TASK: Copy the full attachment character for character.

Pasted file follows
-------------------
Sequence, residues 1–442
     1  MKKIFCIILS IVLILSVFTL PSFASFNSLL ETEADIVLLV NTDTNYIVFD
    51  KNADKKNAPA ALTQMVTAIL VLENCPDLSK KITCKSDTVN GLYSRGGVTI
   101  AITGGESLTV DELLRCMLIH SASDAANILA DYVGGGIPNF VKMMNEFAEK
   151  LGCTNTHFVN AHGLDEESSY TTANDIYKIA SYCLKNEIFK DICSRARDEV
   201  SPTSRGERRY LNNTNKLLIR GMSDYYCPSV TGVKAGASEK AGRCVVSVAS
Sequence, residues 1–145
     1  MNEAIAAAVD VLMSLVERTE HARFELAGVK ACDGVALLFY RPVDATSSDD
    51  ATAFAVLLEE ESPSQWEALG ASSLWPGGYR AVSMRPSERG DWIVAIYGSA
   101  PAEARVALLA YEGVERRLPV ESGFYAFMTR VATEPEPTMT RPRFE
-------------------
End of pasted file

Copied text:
Sequence, residues 1–442
     1  MKKIFCIILS IVLILSVFTL PSFASFNSLL ETEADIVLLV NTDTNYIVFD
    51  KNADKKNAPA ALTQMVTAIL VLENCPDLSK KITCKSDTVN GLYSRGGVTI
   101  AITGGESLTV DELLRCMLIH SASDAANILA DYVGGGIPNF VKMMNEFAEK
   151  LGCTNTHFVN AHGLDEESSY TTANDIYKIA SYCLKNEIFK DICSRARDEV
   201  SPTSRGERRY LNNTNKLLIR GMSDYYCPSV TGVKAGASEK AGRCVVSVAS
Sequence, residues 1–145
     1  MNEAIAAAVD VLMSLVERTE HARFELAGVK ACDGVALLFY RPVDATSSDD
    51  ATAFAVLLEE ESPSQWEALG ASSLWPGGYR AVSMRPSERG DWIVAIYGSA
   101  PAEARVALLA YEGVERRLPV ESGFYAFMTR VATEPEPTMT RPRFE